Willie Randolph is out as manager of the New York Mets, fired in the middle of the night 2 1/2 months into a disappointing season that has followed the team’s colossal collapse last September . . . Pitching coach Rick Peterson and first base coach Tom Nieto also were dismissed in an enormous overhaul that was revealed in a fact-of-the-matter Mets news release at a stunning time—about 12:15 a.m. PDT, nearly two hours after New York’s 9-6 victory over the Los Angeles Angels.If it wasn't for SNY's bothersome independent streak, I would have expected to see the network showing several straight hours of opera today like Soviet television used to do whenever bad news happened.
It's amazing, isn't it? A manager as deserving of being fired as Willie Randolph finally gets fired and I actually have sympathy for the guy because of just how poorly the team handled the entire process. It drags out forever. They let him and the coaches fly out west despite the fact that everyone knows they're dead men walking. They let them work one last game -- a win, no less -- and make all of the players give quotes to the papers one more time about the whole uncomfortable scenario, which you just know they love. Then they're fired in a casual press release after 3AM Eastern.
Thinking about it, my guess is that the timing represents some misguided effort by Mets' brass to try and draw the sting of all of this by putting the news out there after the Post and the Daily News go to press. As if they won't still get hammered. This is the city that doesn't sleep, remember?
UPDATE: Richard Dansky has a particularly pithy assessment of all of this over at Sportsthodoxy:
3:15 is when the secret police come pounding on the door, the dogs barking to let you know there's no way out. It's when the phone rings and it's always real bad news, the call coming from a hospital or the side of the road. It's when cheating lovers try to sneak in the back door, listening for floorboard creaks as they make their way in dread to the darkened stairs.That's really the part that gets me out of all of this. The Mets obviously waited until the beat guys filed their game stories and went back to their hotels after the Angels game and, presumably, waited until the hard copy editions of the New York tabloids hit the printing press. Now they've scheduled the press conference for 5PM, which is after the talk shows prep and go live. They did all of this, it seems, because they believed that it would somehow minimize coverage. As if the papers and the radio are the only way news gets out.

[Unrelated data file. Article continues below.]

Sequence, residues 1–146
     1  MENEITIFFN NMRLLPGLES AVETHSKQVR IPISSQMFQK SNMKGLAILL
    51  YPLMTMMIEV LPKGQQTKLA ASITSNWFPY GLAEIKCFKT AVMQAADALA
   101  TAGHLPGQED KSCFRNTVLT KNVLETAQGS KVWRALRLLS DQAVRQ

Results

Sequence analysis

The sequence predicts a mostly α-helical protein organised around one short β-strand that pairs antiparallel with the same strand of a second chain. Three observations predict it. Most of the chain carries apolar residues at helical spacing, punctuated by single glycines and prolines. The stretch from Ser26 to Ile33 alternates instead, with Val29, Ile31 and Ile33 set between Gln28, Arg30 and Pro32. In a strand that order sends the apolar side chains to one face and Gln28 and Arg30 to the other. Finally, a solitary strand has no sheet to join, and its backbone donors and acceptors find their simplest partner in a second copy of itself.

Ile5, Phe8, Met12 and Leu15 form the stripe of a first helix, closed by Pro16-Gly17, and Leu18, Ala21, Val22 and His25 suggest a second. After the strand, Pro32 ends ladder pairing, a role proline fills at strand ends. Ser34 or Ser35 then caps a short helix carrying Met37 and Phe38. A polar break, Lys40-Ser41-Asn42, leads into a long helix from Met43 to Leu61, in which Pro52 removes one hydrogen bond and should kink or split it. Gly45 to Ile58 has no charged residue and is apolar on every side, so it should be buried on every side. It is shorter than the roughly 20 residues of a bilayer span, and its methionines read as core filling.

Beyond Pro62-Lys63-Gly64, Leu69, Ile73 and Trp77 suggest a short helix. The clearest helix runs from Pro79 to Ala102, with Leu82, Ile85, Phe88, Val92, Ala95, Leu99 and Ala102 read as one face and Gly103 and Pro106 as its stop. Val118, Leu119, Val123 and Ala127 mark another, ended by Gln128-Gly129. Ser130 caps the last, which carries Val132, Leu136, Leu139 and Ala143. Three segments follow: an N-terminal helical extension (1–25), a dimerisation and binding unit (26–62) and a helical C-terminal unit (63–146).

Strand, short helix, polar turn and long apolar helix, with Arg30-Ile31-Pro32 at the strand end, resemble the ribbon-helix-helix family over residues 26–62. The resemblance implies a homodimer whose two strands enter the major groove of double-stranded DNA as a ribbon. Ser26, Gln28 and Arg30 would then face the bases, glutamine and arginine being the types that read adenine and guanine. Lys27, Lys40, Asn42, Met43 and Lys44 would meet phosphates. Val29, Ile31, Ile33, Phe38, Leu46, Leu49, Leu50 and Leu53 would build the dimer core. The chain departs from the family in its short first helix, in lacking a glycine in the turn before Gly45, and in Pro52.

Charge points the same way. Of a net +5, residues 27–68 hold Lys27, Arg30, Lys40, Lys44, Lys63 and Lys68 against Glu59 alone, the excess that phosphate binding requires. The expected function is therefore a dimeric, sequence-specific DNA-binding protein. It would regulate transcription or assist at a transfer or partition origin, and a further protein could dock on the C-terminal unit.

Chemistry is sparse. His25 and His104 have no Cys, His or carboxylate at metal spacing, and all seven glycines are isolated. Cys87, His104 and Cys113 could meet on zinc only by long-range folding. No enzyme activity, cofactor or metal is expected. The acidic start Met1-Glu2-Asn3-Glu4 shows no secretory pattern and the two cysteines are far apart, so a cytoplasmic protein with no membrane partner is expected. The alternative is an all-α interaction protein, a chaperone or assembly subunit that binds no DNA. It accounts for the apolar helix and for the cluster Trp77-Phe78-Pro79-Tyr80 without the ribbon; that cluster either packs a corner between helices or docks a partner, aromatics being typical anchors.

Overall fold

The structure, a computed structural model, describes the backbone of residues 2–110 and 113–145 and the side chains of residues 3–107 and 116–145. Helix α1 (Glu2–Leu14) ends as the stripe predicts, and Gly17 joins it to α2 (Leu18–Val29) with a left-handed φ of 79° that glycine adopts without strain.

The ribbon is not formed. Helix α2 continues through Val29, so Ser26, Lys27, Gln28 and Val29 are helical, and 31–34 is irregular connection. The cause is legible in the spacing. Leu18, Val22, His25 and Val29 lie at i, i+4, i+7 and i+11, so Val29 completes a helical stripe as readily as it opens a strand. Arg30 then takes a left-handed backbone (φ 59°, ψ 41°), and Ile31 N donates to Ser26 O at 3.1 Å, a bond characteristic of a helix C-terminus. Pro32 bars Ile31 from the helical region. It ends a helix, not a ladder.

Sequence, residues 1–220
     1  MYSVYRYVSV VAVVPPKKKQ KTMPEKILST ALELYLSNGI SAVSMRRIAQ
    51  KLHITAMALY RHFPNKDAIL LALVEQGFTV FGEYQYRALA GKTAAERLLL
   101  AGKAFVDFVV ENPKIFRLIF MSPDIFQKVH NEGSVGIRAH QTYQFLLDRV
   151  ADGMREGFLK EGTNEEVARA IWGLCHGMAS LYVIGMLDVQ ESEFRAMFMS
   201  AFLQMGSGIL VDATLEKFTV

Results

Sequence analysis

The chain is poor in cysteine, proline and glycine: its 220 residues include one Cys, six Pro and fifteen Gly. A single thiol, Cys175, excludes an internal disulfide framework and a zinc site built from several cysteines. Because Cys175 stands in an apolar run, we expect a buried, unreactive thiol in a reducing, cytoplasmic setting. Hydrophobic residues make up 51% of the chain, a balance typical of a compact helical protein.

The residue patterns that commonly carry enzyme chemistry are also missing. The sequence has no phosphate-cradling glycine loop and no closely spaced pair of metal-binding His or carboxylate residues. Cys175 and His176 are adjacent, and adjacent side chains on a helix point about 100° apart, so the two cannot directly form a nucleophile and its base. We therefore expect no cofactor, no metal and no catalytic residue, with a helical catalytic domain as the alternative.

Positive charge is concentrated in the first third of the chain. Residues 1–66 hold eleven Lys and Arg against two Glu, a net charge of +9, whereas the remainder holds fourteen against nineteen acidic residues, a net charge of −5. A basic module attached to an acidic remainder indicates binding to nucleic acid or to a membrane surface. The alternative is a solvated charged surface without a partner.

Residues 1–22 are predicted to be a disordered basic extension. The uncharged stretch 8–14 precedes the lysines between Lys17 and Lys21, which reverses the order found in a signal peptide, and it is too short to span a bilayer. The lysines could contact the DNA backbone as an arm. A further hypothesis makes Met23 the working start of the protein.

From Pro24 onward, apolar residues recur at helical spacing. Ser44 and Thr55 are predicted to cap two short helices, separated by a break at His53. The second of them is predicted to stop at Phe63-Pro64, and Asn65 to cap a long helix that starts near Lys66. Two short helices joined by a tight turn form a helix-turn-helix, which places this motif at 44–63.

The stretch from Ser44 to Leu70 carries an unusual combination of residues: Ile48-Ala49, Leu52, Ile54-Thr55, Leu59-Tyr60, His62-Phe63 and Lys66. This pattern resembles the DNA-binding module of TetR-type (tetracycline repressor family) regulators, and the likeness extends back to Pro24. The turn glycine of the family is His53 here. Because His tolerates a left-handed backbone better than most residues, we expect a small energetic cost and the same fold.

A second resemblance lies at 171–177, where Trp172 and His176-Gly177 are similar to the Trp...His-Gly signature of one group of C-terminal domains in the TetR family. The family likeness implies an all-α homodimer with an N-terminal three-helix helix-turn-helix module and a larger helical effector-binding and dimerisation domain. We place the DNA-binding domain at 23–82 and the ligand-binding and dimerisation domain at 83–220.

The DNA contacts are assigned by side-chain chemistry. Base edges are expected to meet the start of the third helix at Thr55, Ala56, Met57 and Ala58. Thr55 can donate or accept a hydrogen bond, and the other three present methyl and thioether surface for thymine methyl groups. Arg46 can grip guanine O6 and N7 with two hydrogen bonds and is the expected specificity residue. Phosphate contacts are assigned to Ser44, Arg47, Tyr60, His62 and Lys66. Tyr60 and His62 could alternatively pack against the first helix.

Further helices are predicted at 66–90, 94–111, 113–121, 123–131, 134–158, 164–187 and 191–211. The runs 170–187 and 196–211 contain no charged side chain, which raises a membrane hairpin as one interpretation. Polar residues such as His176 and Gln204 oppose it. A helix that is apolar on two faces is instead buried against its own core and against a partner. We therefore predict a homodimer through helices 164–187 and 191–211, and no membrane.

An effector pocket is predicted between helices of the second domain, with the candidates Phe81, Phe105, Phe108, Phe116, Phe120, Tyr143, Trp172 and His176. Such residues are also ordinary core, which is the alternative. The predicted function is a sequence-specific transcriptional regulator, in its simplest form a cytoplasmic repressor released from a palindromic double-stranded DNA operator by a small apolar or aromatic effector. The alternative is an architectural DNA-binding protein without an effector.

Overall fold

It's not when you fire the manager of a baseball team, particularly not a team that just flew out west, just won its game, just went through yet another round of "is the manager going to get fired?" questions. If the Mets thought they could downplay the whole thing by waiting until the team was out of New York and most WFAN listeners were asleep before lowering the boom on Willie Randolph, well, that's the sort of thinking that would have worked in 1974. These days, not so much.
Of course (a) the bloggers, while not nearly as widely read and heard as the traditional outlets, are going to be twice as shrill as they try to fill the void; and (b) Once they catch up (and they will catch up quickly because they have online outlets too, you know) the print and radio people are going to level about five times as much artillery at the Mets due to the shoddy way in which this was all handled.
If the Mets had simply fired Randolph after the Texas series this would have been a Monday-only story focusing on Randolph, and right now we'd be talking about how the team is responding to the change. Because of the awful way in which this was all handled, however, it will go on an on, and much more attention will be focused on Minaya and ownership. If someone catches a photo of Randolph and his coaches trying to book a commercial flight back home this morning it will be even worse (please, somebody get to the airport and catch a photo of Randolph and his coaches trying to book a commerical flight!).
So again, Mets' management, I laud you on your deft planning and execution.